Researchers at DuPont Pioneer have discovered a protein from a non-Bacillus thuringiensis (Bt) bacterium source. Science Magazine published findings that show this protein is a promising alternative for controlling corn root worm in North American and Europe.
“This research represents a breakthrough for addressing a major challenge in agriculture,” said Neal Gutterson, vice president, Research & Development, DuPont Pioneer. “We have discovered a non-Bt protein that demonstrates insecticidal control of western corn rootworm with a new and different mode of action than Bt proteins currently used in transgenic products. This protein could be a critical component for managing corn rootworm in future corn seed product offerings. The work also suggests that bacteria other than Bt are alternative sources of insecticidal proteins for insect control trait development.”
Another Pioneer study related to non-Bt insect control, recently published in Scientific Reports, shows how RNA interference (RNAi) can be applied to control corn rootworm feeding damage.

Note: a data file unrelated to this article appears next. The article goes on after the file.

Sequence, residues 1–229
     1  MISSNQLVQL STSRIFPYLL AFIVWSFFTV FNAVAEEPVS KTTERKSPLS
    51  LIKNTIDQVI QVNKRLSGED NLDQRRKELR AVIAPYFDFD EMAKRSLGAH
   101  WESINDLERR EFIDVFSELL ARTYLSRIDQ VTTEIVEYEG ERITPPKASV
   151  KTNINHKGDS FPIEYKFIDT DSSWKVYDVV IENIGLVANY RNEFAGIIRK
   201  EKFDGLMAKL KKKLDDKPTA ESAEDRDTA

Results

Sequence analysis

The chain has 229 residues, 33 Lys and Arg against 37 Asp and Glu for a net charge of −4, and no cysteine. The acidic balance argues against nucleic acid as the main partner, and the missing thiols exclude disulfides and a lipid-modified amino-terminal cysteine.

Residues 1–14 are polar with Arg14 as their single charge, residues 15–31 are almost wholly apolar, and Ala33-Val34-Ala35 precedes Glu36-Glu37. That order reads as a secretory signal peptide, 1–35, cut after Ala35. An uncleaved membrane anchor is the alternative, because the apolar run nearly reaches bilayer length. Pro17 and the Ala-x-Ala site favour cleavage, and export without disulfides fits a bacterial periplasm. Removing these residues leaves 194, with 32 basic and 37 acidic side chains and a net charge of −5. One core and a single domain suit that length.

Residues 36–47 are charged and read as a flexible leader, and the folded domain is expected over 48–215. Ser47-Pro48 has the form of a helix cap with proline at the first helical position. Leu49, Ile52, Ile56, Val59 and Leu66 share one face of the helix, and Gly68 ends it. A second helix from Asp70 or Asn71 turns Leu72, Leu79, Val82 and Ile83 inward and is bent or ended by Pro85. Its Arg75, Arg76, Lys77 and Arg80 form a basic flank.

RNAi is a biologically occurring process that happens in the cells of plants, animals and people. By employing the RNAi process, a plant can protect itself by carrying instructions that precisely target specific proteins in pests.
“Growers need a next generation of solutions to help protect their crops. Our researchers are developing innovative, new modes for insect control to help meet future demands. Non-Bt proteins and RNA-based products highlight our efforts to identify alternative methods for effective control of insect feeding damage in agriculture,” Gutterson said.